The magic of these programs is not in the surface-level structures and processes; what makes them successful is the “investability DNA” that is ingrained in the way that they started, and how they have evolved to function today. From the very beginning of successful programs like Y Combinator, TechStars and others, there was a laser-like focus on improving the investment potential of the startups they brought into the program. Simply replicating these models and structures alone cannot reproduce that.
I had an “aha” moment a few weeks after my coffee shop conversation in Bangalore while sitting in yet another café on the other side of the world in Cambridge, Massachusetts. I was chatting with a new friend from Harvard Kennedy School’s Building State Capability program. Harvard’s BSC is a unique initiative that helps global public policy stakeholders implement what they call a “problem-driven iterative adaptation” approach to designing public policy interventions. Their work brings a lean, problem-focused approach to the public sector with powerful results. When I mentioned this replication problem to her, she grinned.
“We call that isomorphic mimicry...it happens all the time in public policy,” she said.
Simply put, isomorphic mimicry is when policymakers identify an effective institution or policy that works in one region and try to replicate that same initiative in another. The structure is the same––but in action, it doesn’t work. This is because it’s not adapted to the local context and root problems faced on the ground. This is exactly what we see in incubation. It may look like an incubator, it may feel like an incubator––it may even smell like an incubator––but it’s not working in the same way.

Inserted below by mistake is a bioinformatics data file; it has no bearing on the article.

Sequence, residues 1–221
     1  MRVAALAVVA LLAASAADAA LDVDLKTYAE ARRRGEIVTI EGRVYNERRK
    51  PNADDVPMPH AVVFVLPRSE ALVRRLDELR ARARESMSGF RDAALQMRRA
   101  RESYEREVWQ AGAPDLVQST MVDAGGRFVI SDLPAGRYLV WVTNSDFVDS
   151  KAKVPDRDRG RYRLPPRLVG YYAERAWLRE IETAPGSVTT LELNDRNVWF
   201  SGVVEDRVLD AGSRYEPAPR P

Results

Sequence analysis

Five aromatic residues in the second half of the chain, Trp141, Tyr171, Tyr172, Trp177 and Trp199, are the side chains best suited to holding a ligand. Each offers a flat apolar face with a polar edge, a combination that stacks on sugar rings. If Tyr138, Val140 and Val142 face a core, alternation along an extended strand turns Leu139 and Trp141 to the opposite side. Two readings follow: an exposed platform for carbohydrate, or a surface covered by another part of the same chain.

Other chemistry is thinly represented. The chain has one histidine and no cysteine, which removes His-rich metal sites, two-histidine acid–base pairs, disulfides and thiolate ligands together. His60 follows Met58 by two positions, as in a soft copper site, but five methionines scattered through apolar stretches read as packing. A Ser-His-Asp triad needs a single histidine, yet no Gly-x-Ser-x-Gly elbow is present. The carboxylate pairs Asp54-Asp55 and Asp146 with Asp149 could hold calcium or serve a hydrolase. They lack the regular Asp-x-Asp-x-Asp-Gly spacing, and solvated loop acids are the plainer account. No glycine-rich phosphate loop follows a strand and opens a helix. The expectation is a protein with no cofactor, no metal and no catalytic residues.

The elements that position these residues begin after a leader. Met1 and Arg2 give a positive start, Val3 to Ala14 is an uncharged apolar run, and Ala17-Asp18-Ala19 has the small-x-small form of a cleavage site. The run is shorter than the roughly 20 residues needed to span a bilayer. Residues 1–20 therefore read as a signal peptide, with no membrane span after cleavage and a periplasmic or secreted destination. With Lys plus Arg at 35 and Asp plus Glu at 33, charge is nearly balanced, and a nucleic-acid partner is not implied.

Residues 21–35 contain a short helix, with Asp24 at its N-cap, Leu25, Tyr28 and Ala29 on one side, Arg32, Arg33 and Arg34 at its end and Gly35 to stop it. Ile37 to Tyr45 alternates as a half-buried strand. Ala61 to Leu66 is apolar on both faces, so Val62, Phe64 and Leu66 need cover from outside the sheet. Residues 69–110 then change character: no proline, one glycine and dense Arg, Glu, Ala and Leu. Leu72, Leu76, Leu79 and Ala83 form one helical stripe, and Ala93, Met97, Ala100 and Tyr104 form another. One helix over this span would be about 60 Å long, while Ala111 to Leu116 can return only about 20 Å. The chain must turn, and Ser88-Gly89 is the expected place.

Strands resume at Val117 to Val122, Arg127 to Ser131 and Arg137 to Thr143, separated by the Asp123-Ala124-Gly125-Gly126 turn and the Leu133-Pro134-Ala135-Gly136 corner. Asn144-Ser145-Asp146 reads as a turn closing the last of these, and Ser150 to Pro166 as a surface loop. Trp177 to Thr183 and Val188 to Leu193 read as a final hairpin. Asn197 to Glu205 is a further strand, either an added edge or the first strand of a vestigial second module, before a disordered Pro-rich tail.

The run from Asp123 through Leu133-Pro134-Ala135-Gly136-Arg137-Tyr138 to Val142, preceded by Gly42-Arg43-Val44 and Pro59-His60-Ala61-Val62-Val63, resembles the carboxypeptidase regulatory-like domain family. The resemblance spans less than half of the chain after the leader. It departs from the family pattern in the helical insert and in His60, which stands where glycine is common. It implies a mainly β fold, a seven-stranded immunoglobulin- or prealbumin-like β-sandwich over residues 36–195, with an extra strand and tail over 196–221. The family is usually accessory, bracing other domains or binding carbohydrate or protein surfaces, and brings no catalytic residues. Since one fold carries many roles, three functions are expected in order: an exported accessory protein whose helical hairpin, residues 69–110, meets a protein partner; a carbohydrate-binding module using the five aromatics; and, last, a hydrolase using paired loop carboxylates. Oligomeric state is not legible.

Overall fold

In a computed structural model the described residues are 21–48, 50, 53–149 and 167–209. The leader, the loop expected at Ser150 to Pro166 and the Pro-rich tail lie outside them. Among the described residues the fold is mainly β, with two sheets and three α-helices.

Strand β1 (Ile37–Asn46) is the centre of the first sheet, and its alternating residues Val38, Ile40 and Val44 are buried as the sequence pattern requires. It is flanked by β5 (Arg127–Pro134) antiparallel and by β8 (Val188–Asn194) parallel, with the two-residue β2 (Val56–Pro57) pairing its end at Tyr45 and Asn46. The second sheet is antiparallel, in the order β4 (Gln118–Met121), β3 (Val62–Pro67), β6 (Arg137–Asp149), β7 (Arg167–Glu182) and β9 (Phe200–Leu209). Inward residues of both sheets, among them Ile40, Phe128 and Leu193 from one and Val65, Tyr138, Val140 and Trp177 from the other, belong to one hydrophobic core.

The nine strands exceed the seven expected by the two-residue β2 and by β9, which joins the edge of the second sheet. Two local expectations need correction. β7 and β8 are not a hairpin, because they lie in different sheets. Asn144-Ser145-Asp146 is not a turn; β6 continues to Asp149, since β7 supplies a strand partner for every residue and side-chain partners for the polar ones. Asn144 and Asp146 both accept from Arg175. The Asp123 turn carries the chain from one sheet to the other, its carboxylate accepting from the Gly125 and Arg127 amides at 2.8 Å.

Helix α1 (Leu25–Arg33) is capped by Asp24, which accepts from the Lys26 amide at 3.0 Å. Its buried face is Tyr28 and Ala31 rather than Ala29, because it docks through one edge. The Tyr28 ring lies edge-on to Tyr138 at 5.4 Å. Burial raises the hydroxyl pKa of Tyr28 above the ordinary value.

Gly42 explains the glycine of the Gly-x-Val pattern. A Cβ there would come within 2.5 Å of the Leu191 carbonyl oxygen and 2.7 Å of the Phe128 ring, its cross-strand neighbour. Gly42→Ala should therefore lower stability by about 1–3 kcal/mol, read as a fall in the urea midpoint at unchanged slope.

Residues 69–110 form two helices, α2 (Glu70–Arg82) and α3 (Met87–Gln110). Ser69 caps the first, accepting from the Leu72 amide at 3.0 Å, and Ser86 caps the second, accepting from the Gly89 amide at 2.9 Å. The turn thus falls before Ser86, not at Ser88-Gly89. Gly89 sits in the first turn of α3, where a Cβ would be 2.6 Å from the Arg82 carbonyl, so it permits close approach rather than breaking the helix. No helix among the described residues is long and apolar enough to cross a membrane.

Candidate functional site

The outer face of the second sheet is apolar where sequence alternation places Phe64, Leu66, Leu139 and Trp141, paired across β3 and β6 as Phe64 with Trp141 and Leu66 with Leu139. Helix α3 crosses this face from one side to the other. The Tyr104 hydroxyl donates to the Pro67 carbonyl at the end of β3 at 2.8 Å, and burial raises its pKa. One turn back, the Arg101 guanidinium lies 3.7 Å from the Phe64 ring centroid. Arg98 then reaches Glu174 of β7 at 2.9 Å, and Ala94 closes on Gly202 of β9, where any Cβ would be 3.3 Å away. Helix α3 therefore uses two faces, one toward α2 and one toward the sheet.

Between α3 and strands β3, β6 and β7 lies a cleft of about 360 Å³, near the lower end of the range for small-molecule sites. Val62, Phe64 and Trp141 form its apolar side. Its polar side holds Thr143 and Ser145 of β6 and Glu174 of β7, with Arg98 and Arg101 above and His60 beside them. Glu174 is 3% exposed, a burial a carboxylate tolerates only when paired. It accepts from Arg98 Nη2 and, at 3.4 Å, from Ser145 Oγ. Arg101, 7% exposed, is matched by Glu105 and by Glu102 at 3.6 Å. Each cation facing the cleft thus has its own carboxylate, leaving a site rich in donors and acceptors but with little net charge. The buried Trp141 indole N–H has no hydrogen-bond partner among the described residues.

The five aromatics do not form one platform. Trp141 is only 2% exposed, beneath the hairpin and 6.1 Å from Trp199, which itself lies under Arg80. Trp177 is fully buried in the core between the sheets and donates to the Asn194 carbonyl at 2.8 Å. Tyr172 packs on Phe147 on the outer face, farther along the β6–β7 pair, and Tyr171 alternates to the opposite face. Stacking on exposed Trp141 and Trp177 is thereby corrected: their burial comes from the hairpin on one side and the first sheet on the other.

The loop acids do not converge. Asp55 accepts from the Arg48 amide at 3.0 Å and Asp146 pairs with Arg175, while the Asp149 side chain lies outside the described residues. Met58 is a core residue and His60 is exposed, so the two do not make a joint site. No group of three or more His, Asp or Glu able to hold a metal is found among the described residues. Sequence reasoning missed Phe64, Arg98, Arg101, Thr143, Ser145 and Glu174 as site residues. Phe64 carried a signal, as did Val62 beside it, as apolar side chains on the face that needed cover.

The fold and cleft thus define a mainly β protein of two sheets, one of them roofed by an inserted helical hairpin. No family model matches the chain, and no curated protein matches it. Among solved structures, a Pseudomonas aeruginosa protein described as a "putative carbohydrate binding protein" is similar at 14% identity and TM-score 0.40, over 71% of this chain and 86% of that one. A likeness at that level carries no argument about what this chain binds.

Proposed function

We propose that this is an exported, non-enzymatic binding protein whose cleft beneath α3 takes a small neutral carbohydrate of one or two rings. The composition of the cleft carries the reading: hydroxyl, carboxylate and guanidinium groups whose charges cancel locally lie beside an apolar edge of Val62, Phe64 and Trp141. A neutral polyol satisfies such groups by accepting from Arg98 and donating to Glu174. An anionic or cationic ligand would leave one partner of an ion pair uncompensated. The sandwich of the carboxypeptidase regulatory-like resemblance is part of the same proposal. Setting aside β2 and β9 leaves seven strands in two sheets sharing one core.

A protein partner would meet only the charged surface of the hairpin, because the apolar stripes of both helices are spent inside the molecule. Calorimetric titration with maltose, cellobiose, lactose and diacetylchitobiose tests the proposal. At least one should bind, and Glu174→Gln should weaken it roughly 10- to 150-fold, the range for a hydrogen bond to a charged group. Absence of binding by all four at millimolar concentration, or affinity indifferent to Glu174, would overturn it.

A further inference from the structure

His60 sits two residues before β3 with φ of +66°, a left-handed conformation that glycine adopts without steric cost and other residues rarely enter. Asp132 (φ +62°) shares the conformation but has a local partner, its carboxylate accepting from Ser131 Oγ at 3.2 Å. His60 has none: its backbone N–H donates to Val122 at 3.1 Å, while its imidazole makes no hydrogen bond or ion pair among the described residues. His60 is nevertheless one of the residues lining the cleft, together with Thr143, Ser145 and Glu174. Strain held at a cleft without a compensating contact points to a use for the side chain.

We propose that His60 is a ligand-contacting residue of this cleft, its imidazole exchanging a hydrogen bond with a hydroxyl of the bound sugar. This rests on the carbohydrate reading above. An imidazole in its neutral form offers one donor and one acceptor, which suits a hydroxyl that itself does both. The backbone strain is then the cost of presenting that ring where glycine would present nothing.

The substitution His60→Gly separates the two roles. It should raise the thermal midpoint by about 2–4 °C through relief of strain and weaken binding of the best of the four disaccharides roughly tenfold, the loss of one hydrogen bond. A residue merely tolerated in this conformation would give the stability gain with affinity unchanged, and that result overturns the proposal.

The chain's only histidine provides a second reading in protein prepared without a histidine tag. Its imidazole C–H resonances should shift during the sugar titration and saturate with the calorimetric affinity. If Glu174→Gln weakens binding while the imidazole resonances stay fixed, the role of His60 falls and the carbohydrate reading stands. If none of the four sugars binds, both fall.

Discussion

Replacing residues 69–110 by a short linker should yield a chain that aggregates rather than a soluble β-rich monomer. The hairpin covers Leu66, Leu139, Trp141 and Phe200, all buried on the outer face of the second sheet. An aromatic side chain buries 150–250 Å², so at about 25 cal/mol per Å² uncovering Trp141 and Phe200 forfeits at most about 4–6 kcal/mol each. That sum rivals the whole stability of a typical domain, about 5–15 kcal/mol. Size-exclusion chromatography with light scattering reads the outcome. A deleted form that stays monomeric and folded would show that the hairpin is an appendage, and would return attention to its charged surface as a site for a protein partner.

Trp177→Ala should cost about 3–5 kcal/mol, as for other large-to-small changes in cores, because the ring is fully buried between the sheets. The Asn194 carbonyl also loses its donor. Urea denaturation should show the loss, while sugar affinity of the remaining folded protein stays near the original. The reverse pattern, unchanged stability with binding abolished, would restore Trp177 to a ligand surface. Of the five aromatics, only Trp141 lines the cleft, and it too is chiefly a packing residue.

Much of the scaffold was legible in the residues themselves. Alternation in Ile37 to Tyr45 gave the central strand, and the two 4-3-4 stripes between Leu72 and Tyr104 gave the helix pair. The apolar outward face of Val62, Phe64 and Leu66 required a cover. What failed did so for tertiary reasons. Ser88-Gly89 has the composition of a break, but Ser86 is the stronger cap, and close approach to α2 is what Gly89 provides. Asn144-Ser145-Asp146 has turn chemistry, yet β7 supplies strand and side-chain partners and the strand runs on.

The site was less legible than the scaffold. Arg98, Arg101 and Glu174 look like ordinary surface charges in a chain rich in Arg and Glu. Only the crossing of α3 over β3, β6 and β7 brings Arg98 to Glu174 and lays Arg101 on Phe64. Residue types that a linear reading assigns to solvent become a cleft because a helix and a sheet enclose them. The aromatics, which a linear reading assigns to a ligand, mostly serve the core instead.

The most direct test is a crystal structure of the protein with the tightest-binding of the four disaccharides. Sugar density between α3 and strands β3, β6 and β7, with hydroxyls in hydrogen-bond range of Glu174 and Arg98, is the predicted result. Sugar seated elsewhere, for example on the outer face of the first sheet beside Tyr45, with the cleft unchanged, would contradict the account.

Just because an incubator has the facilities, runs events and matches startups with mentors, what is essential is the quality of that mentorship because that is the mechanism used in mentor-driven incubation and acceleration that plugs in that instability element.
Getting to the root of Investability DNA
See, Y Combinator did not start out in the Bay Area and neither did Techstars. 500 Startups did not start out as an accelerator either. But there are three things that are integral to their DNA:
- These programs were set up by veteran entrepreneurs, who
- Wanted to invest in startups at really early stages––earlier than angels, so
- They mitigated their investment risk by improving the startup’s investability.
At the core of the world’s best programs, these organizations are able to do two key things: they are able to “think like investors” as well as “think like entrepreneurs”. It is the ability to balance these two mindsets, and build a process to help an entrepreneur become more investable, that is the root of a great incubation or acceleration program. If we want to see more incubator programs flourish outside of the bay area, we need to deconstruct the problem that they were originally solving in the first place.
In part II of this series, we are going take a little history lesson on the origins of incubation and acceleration to unpack just how investability became an integral part of these programs. Part III, discusses ways that we can inject this investability DNA back into the incubators and accelerators in ecosystems outside of Silicon Valley to create more sustainable, viable and investable startups. Stay tuned.